Germany creates laws for driverless cars
Competition from Google has created a strong will in the German government and car industry to get there first.
The German transport minister will be laying down legal guidelines for the use ofdriverless cars on the country’s autobahns.
Alexander Dobrindt said driverless or robot cars would probably become a feature on German roads within a few years, but insisted that some rules needed to be in place first.
He has created a committee including figures from research, industry and politics, to draw up a legal framework that would make it permissible and would like a draft of key points to be ready before the Frankfurt car fair in September.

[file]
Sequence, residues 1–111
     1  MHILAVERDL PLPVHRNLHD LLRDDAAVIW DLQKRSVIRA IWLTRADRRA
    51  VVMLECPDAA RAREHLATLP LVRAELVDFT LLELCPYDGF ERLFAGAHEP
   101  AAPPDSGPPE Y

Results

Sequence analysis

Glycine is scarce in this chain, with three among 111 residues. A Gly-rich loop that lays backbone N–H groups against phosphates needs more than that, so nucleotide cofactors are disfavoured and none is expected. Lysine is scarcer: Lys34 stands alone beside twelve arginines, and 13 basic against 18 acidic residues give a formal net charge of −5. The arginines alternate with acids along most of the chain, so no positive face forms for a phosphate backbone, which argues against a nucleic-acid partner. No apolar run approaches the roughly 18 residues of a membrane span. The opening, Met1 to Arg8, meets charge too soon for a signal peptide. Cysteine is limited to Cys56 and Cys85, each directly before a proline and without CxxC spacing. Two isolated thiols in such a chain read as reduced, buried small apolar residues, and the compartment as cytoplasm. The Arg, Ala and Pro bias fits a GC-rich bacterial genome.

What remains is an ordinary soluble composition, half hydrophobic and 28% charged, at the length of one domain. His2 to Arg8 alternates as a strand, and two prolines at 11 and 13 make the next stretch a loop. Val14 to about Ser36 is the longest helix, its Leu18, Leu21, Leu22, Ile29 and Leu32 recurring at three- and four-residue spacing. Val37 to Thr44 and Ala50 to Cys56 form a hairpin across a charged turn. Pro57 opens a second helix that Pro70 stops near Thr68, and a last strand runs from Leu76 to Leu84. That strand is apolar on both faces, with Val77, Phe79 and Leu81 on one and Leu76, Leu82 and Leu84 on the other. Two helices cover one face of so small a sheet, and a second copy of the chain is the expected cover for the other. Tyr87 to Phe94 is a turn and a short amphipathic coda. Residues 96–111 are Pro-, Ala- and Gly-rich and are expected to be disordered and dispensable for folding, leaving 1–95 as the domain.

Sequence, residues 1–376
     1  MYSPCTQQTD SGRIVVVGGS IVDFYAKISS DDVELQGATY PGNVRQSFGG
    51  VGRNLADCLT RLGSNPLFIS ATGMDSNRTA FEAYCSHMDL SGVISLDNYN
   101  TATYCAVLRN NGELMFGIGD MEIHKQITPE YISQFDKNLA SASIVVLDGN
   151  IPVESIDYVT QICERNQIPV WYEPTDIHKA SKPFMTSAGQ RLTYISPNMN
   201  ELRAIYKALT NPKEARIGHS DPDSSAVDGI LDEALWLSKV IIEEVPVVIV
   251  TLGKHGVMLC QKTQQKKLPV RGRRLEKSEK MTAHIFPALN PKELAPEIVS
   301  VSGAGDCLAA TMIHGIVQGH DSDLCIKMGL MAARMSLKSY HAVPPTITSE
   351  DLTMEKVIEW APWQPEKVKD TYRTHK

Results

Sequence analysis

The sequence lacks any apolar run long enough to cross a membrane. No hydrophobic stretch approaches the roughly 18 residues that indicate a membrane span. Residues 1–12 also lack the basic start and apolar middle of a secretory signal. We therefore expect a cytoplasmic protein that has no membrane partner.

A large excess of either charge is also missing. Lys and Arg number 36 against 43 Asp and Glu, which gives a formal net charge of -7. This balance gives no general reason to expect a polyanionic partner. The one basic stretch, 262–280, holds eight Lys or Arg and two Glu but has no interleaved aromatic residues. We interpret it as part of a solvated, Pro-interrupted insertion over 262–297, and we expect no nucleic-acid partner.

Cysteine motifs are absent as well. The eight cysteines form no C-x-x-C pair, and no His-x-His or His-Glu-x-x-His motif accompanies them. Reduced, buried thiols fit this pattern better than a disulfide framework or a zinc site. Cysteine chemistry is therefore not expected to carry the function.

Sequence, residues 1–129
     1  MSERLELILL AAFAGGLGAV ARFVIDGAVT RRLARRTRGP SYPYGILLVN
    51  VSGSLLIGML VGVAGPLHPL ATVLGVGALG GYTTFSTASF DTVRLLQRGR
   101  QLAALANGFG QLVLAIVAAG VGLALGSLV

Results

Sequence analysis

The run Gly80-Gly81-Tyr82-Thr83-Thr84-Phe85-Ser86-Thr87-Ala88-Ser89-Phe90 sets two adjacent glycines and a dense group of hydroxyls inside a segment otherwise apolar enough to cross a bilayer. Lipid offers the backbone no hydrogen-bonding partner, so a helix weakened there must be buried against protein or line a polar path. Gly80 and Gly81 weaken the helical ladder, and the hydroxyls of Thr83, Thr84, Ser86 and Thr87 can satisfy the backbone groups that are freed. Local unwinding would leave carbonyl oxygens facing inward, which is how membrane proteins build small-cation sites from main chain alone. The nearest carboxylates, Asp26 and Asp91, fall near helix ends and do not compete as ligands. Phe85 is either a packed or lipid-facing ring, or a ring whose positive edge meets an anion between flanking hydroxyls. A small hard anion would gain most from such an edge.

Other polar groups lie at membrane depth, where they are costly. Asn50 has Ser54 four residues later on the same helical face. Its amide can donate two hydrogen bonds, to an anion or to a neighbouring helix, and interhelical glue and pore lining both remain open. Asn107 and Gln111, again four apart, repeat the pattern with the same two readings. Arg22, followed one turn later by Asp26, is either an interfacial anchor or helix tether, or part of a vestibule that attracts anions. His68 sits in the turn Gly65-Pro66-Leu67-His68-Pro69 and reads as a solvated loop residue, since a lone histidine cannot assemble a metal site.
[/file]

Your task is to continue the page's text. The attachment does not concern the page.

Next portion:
Current rules do not allow self-drive or robot cars on German roads, because a human being always has to be at the controls, according to the 1968 Vienna Convention on Road Traffic to which Germany is signed up, along with 72 other countries.
Questions to be clarified include who would be responsible when the car’s computer fails causing an accident, how is a robot car is to be insured and how licences should be regulated?